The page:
Of Afros and Culture Wars

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Michael Vick has walked back his previous statement criticizing Colin Kaepernick’s afro. My sports intelligence is admittedly pretty low, but I do know that Kaepernick’s protest has raised the ire of many in the football community. His bravery and direct action has broken into my corner of sky. I like and whole-heartedly support him. He is my favorite #wokebae.

There is a long history of sports as a vehicle for expressing civil rights protest. There is a pretty straight line from Jackie Robinson’s desegregation of baseball in 1947 to John Carlos and Tommie Smith’s black power salute at the 1968 Olympics to Kaepernick’s action of kneeling during the national anthem. The idea that somehow sports should be apolitical arena is a fallacy.

Another important historical note is that it has been a means of entrepreneurial advancement, from Madam C.J. Walker in the early 1900s to the present. Styling black hair has been a lucrative and on-going element of the black business world. The opening of barbershops and hair salons are a cornerstone of the community. It is a key element of African American achievement.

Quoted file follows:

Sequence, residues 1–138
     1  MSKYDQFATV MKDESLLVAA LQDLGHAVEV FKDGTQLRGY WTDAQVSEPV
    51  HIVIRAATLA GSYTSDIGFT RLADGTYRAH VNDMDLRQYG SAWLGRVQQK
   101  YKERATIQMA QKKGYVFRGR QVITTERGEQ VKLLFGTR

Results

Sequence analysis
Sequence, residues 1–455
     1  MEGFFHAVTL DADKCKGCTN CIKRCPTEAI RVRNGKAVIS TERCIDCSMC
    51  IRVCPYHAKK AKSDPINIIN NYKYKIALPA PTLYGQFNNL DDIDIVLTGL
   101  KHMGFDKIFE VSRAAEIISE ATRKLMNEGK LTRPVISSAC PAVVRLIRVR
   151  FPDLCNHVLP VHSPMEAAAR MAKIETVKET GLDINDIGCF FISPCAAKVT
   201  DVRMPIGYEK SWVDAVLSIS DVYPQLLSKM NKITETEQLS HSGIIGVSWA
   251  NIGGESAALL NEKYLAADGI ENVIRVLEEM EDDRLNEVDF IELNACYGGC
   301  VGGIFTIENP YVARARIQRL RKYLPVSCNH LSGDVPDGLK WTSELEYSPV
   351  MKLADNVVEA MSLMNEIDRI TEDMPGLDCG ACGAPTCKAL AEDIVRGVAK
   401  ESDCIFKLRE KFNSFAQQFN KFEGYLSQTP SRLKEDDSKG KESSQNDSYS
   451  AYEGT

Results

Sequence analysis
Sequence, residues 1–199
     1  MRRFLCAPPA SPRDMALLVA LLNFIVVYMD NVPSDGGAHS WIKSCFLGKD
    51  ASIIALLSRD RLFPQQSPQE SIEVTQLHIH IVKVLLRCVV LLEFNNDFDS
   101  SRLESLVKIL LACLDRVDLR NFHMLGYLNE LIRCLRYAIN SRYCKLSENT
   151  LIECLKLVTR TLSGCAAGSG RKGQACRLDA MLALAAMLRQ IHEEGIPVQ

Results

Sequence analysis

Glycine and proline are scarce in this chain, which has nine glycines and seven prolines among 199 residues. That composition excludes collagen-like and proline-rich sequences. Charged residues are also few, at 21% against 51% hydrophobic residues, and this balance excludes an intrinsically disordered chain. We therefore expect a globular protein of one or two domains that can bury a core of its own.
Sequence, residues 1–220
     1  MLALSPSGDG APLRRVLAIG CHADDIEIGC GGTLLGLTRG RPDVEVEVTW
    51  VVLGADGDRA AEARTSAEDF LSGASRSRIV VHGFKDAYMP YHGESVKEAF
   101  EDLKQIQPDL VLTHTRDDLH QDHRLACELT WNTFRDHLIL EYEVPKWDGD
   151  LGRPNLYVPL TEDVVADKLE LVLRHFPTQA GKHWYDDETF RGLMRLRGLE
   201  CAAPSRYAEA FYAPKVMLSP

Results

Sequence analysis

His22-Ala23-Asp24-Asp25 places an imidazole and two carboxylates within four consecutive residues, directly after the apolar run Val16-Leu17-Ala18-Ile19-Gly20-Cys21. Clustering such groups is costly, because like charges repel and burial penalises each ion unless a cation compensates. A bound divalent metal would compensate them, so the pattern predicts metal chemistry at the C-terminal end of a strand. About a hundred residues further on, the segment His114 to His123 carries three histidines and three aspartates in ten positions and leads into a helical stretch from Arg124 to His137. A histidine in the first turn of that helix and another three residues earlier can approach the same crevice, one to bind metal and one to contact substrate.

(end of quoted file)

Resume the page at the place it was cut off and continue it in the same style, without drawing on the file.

Vick’s initial statement about the afro invokes a long-simmering culture war over presentation of African American hair. The idea that somehow it is outside of a professional realm to wear an afro is somewhat baffling. It has been a long struggle to win the argument that natural hairstyles are acceptable in the business world. I suppose this is another flashpoint in the national conversation about what is and what is not acceptable.

The cool thing about hair, particularly for people of color, is that there is a diversity and dynamism of styles. I have, in no particular order, have worn the following hairstyles: bantu knots, cornrows, box braids, French braids, flat-ironed straight, and flat ironed and curled. I have also worn my hair in a big, beautiful afro.